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Hypoglycemia and hypo unawareness

Hypoglycemia is not only one of the most dangerous challenges we face as people with diabetes (PWD), but it is also one of the scariest.

Hypos can be caused by many things; exercise, excess insulin, alcohol, or a sulfonylurea (glipizide, glimepiride, etc.) just to name a few. These lows make us feel shaky, dizzy, irritable, sweaty, and weak. Our brains depend solely on glucose for fuel!

When there is an inadequate amount of glucose available, the body reacts! This reaction acts not only as a physical warning, but also helps to stimulate physiologic mechanisms that raise blood glucose levels. Due to these mechanisms, people without diabetes rarely get hypoglycemia. The pancreas and the liver work together to balance the release of insulin and glucose depending on the body’s needs. When PWD take drugs such as insulin or sulfonylureas to help lower the BG or if they have a history of frequent hypos, neurohormonal responses can be impaired causing hypoglycemia unawareness.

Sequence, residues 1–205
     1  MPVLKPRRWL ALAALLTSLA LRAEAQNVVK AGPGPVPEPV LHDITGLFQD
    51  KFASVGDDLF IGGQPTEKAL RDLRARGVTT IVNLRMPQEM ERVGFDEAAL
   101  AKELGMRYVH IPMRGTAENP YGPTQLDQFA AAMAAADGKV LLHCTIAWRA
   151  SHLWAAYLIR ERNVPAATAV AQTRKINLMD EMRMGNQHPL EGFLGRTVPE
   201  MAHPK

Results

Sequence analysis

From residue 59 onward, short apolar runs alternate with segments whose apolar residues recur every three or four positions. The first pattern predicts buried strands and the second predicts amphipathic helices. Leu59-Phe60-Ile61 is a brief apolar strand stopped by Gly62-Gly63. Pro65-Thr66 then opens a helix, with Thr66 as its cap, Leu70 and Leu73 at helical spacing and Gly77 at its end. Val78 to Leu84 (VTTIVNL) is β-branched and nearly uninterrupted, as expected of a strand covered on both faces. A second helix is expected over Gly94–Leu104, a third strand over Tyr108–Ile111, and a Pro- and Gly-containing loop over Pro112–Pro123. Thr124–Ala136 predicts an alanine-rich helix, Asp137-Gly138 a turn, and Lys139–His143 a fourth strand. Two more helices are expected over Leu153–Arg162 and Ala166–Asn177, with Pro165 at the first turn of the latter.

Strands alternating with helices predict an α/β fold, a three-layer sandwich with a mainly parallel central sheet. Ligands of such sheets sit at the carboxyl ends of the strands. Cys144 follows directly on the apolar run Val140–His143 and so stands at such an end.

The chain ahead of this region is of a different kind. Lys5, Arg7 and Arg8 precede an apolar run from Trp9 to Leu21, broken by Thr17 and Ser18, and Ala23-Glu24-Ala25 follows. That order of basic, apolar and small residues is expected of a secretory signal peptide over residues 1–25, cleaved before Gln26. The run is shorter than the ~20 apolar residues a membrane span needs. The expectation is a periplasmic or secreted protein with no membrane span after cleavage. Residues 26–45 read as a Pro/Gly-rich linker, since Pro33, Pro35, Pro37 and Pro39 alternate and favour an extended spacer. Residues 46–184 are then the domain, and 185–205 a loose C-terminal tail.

Why is this dangerous? Because if a PWD is unaware of a low BG, then they may not treat it!

In people without diabetes, their first defense mechanism against hypoglycemia is a decrease in the secretion of insulin. This mechanism is completely impaired in people with type 1 diabetes and becomes impaired over time in people with type 2. The second response is a release glucagon from the liver. This response, although usually normal at onset of DM, decreases over time. Lastly, epinephrine increases delivery of glucose and inhibits its use in the periphery. This allows for the little glucose that is available to be used by the more vital organs.

These mechanisms are impaired in people with diabetes and even more so in people who experience hypoglycemia frequently. In fact, the lower the average BG, the higher the risk of hypoglycemia unawareness. This can be very dangerous, especially overnight! If a person’s body does not warn them of a severe hypo, they may not wake up to treat it. Therefore, a continuous glucose monitor (CGM) in someone with hypoglycemia unawareness is especially important!

What can we do?

People who experience this can regain some awareness by avoiding lows. Alcohol ingestion can also contribute to hypo unawareness by decreasing the liver’s ability to release glucose (it is too busy processing alcohol). Alcohol avoidance is important in someone suffering from hypoglycemia unawareness or trying to regain some of that awareness. Most importantly, for someone with hypoglycemia unawareness, a CGM is a MUST! With a CGM, the person can be alerted before severe lows occur.

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